The following batch invoked (BATtered?) use of subst is immensely useful.
Odds are there is some equally good or better new-fangled (ie < 15 years
old) method but this so far works well.

On 30 August 2016 at 07:39, Bob Ammerman <RemoveMEpicramEraseMEspamEraseMEroadrunner.com> wrote:


> ​>
> the
> ​ ​
> little known and seldom used SUBST command it your friend.
>

​Speak for yourself (or actually, for some others, in this case)

Frequently used here is eg WAXON.BAT

   @echo off
   cls
   subst x: /D
   subst x: .

And friends eg WAAON WABON WAYON ...
Yes, could have a single 'program' with parameters, but the attraction of
the name 'WAXON' was too great.
The others followed 'logically'.

Initially I had WAXOFF & friends before deciding that just adding the
...... /D line eliminated the need.

Somewhat surprisingly, running eg WAXON.BAT in a 'DOS' window on Windows 10
assigns X: happily system wide. Thus it can be used for eg copying
destinations in a photo editing program
eg "T:\...............\9_High" becomes x:\9_High allowing standard
destination folders to be used and changed as a "bank" as desired.
Failing to reset eg WAXON to the latest photo area when changing subjects
can lead to some interesting photo mixtures.

___________________

I just wondered what would happen if I entered   'WindowsKey'WAXON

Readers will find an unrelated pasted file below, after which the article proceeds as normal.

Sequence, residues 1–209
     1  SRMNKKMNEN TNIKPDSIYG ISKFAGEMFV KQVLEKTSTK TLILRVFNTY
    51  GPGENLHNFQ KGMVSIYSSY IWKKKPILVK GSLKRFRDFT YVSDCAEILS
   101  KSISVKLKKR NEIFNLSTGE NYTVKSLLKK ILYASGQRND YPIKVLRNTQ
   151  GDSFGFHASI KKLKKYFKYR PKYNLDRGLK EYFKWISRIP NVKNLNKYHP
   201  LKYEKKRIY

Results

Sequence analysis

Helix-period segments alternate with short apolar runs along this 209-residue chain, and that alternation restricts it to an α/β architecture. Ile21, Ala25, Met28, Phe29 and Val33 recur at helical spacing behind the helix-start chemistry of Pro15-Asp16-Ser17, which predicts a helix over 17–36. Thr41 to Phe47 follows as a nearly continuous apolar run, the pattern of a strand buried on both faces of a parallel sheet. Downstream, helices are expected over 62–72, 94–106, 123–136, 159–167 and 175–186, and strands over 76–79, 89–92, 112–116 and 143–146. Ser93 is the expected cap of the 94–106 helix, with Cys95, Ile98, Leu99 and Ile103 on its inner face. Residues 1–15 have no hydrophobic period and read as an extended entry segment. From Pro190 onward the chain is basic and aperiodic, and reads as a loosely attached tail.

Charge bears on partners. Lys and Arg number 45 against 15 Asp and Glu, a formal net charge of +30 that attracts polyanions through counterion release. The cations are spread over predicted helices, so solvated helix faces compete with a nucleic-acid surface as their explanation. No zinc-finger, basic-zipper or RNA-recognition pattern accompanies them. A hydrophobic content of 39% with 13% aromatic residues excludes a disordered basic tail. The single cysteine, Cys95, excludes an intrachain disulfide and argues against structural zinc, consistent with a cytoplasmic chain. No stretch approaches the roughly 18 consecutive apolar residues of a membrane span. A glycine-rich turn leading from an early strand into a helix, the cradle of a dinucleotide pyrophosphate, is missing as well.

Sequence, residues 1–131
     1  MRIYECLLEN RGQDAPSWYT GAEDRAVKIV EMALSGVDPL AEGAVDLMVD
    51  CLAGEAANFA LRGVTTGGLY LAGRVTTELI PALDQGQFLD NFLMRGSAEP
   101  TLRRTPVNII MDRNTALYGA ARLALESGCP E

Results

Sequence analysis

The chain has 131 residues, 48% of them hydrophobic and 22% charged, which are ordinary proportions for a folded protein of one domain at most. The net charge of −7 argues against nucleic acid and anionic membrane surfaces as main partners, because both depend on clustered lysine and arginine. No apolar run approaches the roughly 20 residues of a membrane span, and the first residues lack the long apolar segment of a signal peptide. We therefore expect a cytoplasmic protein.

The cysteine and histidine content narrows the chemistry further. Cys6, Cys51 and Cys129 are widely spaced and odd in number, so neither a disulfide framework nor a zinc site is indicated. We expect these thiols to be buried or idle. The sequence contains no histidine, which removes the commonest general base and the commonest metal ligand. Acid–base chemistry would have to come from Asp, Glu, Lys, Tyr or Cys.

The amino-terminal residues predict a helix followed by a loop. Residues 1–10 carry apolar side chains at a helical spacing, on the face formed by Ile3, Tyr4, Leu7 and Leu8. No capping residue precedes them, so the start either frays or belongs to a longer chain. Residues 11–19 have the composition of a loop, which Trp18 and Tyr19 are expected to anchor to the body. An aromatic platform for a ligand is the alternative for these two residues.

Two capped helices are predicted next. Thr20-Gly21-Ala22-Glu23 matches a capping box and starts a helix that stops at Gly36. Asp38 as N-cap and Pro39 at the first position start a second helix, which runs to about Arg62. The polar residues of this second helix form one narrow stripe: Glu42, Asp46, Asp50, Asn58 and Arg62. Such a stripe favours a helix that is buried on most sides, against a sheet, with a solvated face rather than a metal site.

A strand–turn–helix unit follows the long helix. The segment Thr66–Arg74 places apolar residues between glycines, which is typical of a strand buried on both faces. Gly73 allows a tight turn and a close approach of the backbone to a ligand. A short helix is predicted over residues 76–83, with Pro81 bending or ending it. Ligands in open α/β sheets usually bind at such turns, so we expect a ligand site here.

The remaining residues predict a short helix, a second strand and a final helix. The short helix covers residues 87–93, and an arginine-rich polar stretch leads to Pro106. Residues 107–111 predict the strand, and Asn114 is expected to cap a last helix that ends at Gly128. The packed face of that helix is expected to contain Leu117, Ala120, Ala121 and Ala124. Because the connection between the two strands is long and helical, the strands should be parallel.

in WIN10 with no other preparation or windows open.
I'll try that sometime when the possible crash is liable to be less
annoying than it would be just now.



         Russell

_______________

Assignments vary as needed, but typical Irfanview F7 key assignments may
be:

WABON is run (may as well use A: and B:) then

...
2 C:\email_me
3 B:\3_Special
...
5 B:\5_Improved
6 B:\6_Junk
7 B:\7_Low
8 B:\8_Good
9 B:\9_High
...
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2016\08\30@200206 by James Wages

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I somewhat disagree with that disagreement.  :-)

Writing code in Assembly is like driving a car with a sports suspension, allowing you to feel the road.  Writing code in C is like driving a Ford with a boat suspension.  You know your car is on the road, you just can't feel or hear it that much.